University of Pittsburgh

Courses

Recommended Courses

The Graduate Curriculum Committee has released a list of recommended courses by research specialty: pdf.

Graduate Course Offerings

Undergraduate Courses Carrying Graduate Credit:

Fall:

PHYS 1331      Mechanics (3cr)
PHYS 1351      Intermediate Electricity and Magnetism (3cr)
PHYS 1370      Introduction to Quantum Mechanics 1 (3cr)

Spring:

PHYS 1341       Thermodynamics and Statistical Mechanics (3cr)
PHYS 1371       Introduction to Quantum Mechanics 2 (3cr)
PHYS 1372       Electromagnetic Theory (3cr)

 

Core Graduate Courses:

 

Fall:

PHYS 2373       Math Methods in Physics (3cr)
PHYS 2513       Dynamical Systems (3cr)
PHYS 2565       Non-Relativistic Quantum Mechanics 1 (3cr)

 

Spring:

PHYS 2541       Thermodynamics and Statistical Mechanics (3cr)
PHYS 2555       Advanced Classical Electricity and Magnetism (4cr)
PHYS 2566       Non-Relativistic Quantum Mechanics 2 (3cr)

 

Colloquium Course:

 

Fall and Spring:

PHYS 2999       Physics and Astronomy Colloquium (1cr)

 

Teaching Instruction Courses:

 

Fall:

PHYS 2997            Teaching of Physics (1cr)
PHYS 2998            Teaching of Physics Practicum (1cr or 2cr)
ASTRON 2998        Teaching of Astronomy Practicum (1cr or 2cr)

 

Spring:

PHYS 2998            Teaching of Physics Practicum (1cr or 2cr)
ASTRON 2998        Teaching of Astronomy Practicum (1cr or 2cr)

 

Skills Courses and Internships:

 

Fall:

PHYS 2426      Graduate Modern Physics Lab (3cr, renamed - 1000 added to number)

 

Any Term: PHYS 2900      Research Internship (Experimental or Theoretical)
ASTRON 2900                  Research Internship (Observational or Theoretical)

 

Advanced Graduate Courses (all 3cr):

PHYS 3274 (formerly 2274)      Computational Methods (3cr)

PHYS 3542      Thermodynamics and Statistical Mechanics 2
PHYS 3707      Intermediate Quantum Mechanics (CMU's "Quantum Mechanics III")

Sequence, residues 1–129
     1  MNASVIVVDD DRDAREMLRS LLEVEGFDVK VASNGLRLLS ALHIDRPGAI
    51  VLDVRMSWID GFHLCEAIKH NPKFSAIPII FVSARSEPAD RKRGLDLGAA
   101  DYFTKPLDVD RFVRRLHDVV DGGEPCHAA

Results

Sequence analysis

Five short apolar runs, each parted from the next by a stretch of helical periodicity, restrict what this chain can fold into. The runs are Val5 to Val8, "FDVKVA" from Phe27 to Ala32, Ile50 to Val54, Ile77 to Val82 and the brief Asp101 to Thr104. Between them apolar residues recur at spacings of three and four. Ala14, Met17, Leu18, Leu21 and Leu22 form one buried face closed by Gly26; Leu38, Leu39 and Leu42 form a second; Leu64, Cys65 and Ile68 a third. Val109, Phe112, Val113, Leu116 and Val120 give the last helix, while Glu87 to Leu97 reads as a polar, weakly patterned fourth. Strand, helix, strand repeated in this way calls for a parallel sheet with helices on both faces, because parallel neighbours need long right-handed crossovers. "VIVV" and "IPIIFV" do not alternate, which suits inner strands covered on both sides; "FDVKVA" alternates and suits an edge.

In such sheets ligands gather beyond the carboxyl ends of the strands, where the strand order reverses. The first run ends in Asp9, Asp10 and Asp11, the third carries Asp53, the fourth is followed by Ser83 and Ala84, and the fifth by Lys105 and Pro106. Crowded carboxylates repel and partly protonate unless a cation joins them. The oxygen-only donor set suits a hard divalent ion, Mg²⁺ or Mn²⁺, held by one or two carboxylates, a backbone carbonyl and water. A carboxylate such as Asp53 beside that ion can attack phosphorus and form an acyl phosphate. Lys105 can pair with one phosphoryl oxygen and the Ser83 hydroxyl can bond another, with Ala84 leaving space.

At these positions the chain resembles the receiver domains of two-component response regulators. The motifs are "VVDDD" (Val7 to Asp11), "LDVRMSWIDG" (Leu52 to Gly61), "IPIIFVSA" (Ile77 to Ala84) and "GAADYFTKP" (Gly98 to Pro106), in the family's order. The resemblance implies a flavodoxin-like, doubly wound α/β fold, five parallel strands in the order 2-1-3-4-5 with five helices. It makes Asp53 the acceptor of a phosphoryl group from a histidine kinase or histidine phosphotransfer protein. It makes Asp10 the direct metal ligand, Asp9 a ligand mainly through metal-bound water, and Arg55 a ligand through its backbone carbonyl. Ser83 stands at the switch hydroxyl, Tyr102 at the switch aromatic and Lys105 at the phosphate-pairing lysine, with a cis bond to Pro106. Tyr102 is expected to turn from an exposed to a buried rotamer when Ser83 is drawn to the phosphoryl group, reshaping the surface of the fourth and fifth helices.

PHYS 3715      Solid State Physics
PHYS 3716      Advanced Solid State Physics
PHYS 3717      Particle Physics (CMU's "Intro to Nuclear and Particle Physics")
PHYS 3718      Advanced Particle Physics (CMU's "Nuclear and Particle Physics II")
PHYS 3725      General Relativity 1
PHYS 3726      General Relativity 2
PHYS 3765      Field Theory 1 (CMU's "Quantum Mechanics IV")
PHYS 3766      Field Theory 2 (CMU's "Quantum Mechanics V")
ASTRON 2550      Stellar Structure (also PHYS 3750)
ASTRON 2551      Interstellar Medium (also PHYS 3751)
ASTRON 2580      Galactic and Extragalactic Astronomy (also PHYS 3580)
ASTRON 2701      Radiative Processes in Astrophysics (also PHYS 3701)
ASTRON 3705      Astronomical Techniques (no PHYS number)
ASTRON 3785      Cosmology (PHYS 3785)
CMU 33-777        Introductory Astrophysics
CMU 33-783        Theory of Solids I
CMU 33-791        Group Theory with Physics Applications
CMU 33-792        Special Topics in Quantum Physics: Quantum Optics
CMU 33-79x        Various Graduate Seminars

 

Directed Study Courses (3cr to 15cr - taken prior to signing a research agreement):

PHYS 390x         Directed Study
ASTRON 390x     Directed Study

 

Research/Thesis/Dissertation Courses (3cr to 15cr - taken with a research agreement after passing the comprehensive exam and until 72 required credits are earned):